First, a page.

Millennium Aid Funding Achieving Results, Official Says

By Kathryn McConnell
USINFO Staff Writer

Washington - Millennium Challenge Corporation (MCC) funds are achieving development results by focusing on such country-identified priorities as infrastructure improvements that make access to markets, clinics and schools possible, and support projects that secure land tenure for farmers, says John Danilovich, MCC's executive director.

Testifying March 13 before a House Appropriations subcommittee, Danilovich said MCC funding also increasingly is being channeled toward such country priorities as improvements to sanitation and irrigation systems, and providing microloans to women entrepreneurs.

The investments eventually will lead to higher household incomes, which will enhance poor people’s resources for better food, housing, education and health care, Danilovich said.

More than 22 million people in 11 partner countries already are benefiting from MCC-funded projects, he said.

In Nicaragua, MCC's $175 million multiyear agreement aimed at rural business development has helped build a rural milk-collection facility and has attracted foreign investment in a textile manufacturing company expected to create 1,500 jobs.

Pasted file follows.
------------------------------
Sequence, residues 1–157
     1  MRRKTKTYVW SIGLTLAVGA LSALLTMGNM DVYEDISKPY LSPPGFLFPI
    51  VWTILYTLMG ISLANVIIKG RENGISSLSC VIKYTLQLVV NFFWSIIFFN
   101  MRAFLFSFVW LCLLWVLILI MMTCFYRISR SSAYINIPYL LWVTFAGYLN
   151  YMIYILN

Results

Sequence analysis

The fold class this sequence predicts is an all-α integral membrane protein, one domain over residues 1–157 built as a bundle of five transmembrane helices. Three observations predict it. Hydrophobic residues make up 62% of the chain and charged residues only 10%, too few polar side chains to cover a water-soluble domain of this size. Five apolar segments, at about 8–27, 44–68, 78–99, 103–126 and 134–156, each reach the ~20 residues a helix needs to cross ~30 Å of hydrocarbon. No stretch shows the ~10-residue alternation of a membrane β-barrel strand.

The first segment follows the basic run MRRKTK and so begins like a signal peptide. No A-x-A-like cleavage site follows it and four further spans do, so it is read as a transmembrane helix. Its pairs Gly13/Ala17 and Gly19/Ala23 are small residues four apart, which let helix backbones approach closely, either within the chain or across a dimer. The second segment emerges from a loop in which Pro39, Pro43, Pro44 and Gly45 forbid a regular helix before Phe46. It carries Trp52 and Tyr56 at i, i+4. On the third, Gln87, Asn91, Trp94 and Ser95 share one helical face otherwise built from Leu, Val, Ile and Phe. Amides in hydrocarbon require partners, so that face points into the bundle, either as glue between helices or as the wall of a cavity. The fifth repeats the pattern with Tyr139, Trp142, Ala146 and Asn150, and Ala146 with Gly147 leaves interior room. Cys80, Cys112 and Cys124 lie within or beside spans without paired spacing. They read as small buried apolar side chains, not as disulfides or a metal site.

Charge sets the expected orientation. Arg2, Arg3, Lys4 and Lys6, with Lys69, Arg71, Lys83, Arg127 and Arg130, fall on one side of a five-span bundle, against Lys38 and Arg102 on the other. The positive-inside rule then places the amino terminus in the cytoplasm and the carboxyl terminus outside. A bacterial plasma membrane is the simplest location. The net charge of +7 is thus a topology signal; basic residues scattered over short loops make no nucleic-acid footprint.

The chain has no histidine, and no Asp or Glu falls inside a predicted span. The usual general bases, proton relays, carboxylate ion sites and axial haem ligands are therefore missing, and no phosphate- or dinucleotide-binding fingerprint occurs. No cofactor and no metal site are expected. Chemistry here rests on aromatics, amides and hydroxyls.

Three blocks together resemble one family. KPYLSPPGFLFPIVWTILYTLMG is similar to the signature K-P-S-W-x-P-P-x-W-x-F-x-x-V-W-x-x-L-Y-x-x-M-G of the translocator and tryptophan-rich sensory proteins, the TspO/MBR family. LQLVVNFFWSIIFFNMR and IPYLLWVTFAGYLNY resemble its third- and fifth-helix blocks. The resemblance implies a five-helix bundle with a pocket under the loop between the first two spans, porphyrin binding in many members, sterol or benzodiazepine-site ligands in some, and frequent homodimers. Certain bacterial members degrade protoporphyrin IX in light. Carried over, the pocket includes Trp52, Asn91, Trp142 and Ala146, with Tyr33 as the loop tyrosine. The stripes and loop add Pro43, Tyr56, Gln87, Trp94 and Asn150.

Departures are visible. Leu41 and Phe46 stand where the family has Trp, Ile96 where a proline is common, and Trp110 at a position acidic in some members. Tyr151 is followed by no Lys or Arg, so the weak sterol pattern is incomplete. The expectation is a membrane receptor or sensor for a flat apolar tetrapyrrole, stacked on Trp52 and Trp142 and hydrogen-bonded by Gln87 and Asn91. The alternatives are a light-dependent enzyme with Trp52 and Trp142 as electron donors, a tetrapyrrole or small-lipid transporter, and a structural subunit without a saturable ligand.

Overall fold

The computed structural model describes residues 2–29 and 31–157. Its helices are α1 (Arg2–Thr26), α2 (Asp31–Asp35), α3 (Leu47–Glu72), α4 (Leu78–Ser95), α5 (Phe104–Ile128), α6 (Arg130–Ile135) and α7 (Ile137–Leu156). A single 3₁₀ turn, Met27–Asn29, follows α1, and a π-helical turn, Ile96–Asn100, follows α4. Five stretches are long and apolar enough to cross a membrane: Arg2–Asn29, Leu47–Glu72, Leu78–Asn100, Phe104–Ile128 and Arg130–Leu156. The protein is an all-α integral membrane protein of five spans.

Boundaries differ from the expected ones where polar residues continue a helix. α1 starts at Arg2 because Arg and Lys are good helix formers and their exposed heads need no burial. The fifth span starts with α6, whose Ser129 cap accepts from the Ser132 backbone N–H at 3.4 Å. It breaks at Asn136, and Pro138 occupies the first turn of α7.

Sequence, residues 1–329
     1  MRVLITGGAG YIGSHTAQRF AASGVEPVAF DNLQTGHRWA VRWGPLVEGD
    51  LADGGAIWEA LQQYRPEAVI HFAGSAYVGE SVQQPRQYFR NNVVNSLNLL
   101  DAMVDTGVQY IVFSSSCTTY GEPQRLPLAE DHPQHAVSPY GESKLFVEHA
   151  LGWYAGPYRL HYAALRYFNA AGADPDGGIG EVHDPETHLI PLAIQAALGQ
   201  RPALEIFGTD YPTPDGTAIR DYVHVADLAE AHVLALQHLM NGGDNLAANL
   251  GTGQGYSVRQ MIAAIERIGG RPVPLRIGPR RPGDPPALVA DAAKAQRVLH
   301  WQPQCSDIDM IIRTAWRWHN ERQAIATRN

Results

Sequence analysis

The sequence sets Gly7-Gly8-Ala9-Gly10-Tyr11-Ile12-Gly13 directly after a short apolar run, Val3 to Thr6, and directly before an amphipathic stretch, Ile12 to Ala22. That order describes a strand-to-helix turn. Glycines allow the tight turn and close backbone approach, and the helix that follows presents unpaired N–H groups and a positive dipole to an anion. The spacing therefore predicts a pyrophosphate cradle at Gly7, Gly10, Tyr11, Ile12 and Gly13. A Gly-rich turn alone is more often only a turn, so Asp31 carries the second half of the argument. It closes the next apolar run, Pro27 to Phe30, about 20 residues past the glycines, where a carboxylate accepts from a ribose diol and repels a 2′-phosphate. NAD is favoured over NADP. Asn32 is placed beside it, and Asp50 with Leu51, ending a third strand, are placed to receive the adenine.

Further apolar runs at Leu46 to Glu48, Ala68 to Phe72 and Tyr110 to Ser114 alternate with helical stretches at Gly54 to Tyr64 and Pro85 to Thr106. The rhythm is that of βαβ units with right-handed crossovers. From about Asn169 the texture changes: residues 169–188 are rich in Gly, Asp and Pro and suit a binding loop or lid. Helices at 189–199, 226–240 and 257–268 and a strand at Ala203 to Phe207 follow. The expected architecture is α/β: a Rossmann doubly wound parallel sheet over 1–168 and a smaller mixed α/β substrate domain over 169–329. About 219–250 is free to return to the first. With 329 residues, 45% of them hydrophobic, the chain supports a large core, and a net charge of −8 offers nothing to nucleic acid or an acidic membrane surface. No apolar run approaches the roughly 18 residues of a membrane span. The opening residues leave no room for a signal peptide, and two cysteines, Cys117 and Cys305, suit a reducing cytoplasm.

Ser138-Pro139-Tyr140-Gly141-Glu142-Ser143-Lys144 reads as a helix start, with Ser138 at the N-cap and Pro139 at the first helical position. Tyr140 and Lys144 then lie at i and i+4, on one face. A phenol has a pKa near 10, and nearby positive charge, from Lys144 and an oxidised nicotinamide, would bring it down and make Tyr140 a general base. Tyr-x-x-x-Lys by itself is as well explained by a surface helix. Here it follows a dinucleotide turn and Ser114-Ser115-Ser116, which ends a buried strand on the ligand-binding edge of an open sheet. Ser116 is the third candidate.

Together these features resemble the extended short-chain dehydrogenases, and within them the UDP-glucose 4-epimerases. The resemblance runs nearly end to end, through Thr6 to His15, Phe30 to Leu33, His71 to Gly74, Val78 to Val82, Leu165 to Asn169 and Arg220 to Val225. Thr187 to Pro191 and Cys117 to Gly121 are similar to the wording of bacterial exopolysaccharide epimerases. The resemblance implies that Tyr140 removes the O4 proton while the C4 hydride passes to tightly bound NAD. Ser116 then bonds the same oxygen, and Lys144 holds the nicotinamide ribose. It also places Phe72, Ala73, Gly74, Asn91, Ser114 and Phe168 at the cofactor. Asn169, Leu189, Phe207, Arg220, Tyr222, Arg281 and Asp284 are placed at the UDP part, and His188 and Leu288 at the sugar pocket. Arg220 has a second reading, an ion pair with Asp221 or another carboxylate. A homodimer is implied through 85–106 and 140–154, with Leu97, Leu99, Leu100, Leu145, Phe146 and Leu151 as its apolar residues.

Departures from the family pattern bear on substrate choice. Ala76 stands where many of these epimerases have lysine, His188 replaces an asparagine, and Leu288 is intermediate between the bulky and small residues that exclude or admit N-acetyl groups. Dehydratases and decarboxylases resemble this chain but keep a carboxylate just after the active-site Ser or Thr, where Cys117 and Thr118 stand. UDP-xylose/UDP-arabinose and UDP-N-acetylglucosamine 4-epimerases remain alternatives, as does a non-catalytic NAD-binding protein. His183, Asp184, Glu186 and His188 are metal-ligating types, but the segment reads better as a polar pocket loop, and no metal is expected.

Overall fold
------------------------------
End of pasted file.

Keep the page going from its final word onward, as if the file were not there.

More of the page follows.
In Georgia, which has a $295 million agreement, MCC funding is being used to rehabilitate water supplies in two cities serving 230,000 people. The project is expected to generate almost $60 million in economic benefits to the two cities over the life of the compact, Danilovich said.

He urged congressional approval of the full $3 billion the Bush administration is requesting for the MCC for fiscal year 2008.

The MCC expects to sign funding agreements, called compacts, with four additional countries in the current fiscal year, fiscal year 2007 and up to eight countries in fiscal year 2008, Danilovich said. The average size of a new compact will be between $400 million and $500 million, he said.

Ten percent of MCC funding is directed to its "threshold" agreements that focus primarily on strengthening governance, especially fighting corruption, improving child immunization rates and improving elementary completion rates for girls, Danilovich said.

For example, Burkina Faso's $12.9 million threshold funding is being used to build new schools throughout the country that will encourage more girls to attend. Some include day care centers so girls can be near younger siblings for whom they are responsible, and separate restrooms for girls and boys.

These schools also provide take-home food rations for families with girls who attend school at least 90 percent of the time school is in session.

The full text of Danilovich’s prepared testimony is available on the MCC Web site.

For more information on U.S. policies, see Millennium Challenge Account.